I hated Splash Mountain and Space Mountain. Two of the most terrifying experiences of my life. I didn't know I could scream so loud, or clutch my five year old so fiercely for comfort. My antics were quite entertaining to my other children, but I seriously was scared out of my mind, and shaking liking a baby when I got off. When the group wanted to ride again, I politely (and firmly) declined. Why am I such a chicken? I don't know. It's not a part of me that I particularly like or am proud of, but I'm just not a fan of thrill rides. I don't know how people don't die every day on Splash Mountain. And yet, most people love it! Little children get off the ride saying, "That was my favorite! That was so much fun!" And I'm thinking, "Are you serious? You almost died!" The pictures of me that the ride takes as you come around, were quite hilarious. I didn't buy them, but Sarah took a picture of the picture on Space Mountain, which I'll post when I get it.

Josiah was very concerned that "all our Disneyland dreams come true," sweet guy that he is. And they did! We got to see everything, ride everything (except Indiana Jones, which was closed), eat amazing (and expensive) food, and have a wonderful time together. It was an awesome day.

Here we are on the Jungle Cruise:

Josiah's the cutest. He is the most excited Disneyland visitor. He knows every fact about every ride, and he documents everything. While I'm clutching the hand rails and screaming, he's videotaping. He loves Disneyland!

And here's the lovely Sarah, with three of the kids, Trenton, Camden, and Alyssa. They took much better pictures than I did and I can't wait to get a copy of the pics and video of the day we were there together. (They went back the next two days.)

A pit stop in Toon Town:

We left around 7:45pm or so, to head back home. It had been a long, busy, filling weekend.

Wednesday morning was back to the routine, and for me, back to school! Yep, another semester has begun and I am already feeling frantically behind, mostly because my clinical group chose me to go first for the Seminar presentation we each have to do, so I am scheduled for this Wednesday. It makes for some initial chaos, but I will be ever so grateful that it's done and off my plate come Wednesday evening.

So, up this week: the big dosage calculation exam on Monday. Must get an A, or you get one more try, and then you're out of the program. Medication calculations are kind of a big deal. Understandably. Wednesday my presentation. (EEEEEEKS!) Thursday will be our first day at the hospital. 12 hour shift. Here we go!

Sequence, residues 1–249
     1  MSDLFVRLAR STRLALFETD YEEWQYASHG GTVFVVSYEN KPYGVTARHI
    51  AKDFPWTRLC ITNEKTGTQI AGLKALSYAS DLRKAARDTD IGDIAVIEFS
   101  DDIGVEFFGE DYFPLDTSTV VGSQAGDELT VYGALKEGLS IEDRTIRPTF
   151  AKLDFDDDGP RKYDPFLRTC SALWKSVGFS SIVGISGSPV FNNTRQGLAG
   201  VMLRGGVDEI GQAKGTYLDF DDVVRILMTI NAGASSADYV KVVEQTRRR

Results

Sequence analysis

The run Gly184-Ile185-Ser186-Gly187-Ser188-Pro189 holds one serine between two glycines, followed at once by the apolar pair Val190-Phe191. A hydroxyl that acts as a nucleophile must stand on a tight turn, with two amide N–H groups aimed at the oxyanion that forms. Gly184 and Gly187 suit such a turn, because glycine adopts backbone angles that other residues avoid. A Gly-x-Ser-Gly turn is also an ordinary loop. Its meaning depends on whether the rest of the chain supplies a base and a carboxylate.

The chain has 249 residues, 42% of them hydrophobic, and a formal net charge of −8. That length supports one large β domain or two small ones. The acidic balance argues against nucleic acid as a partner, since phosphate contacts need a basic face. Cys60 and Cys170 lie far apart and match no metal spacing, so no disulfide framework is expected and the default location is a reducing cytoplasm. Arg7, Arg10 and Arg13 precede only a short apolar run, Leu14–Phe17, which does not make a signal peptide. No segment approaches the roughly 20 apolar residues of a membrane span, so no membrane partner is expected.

Tuesday, February 14, 2012

Book Review: We Lived in Heaven

I've been laying low with book reviews lately, though I'm always honored to be asked. But when this one came my way a month or so ago, I thought it was serendipitous timing. For one, I was on break from nursing school, so I had time to read a book for review. For another, I recognized the author's name and love her topic.

When I was newly married (the first time) I worked at First Interstate Bank on Brown Road in Mesa, Arizona. Sarah Hinze, the author of We Lived in Heaven, was a customer at that branch. She had recently written a book called Life Before Life, and I remember her telling me about it at the teller window. I went to Deseret Book that afternoon and picked it up, and later, I brought it in for her to sign for me. I know she doesn't remember me, that would be crazy, all these years later to remember your bank teller, but I remember her because of her book. This book recounts more pre-birth experiences, or experiences that mothers or other family members have had with the spirits of their unborn children or siblings.

The third lovely coincidence was that when I received the book in the mail, Sarah had written just a short note on a piece of paper slid inside the front cover that she used to live in the same town that I now live in, many years ago. If you know the town I live in, that's pretty strange!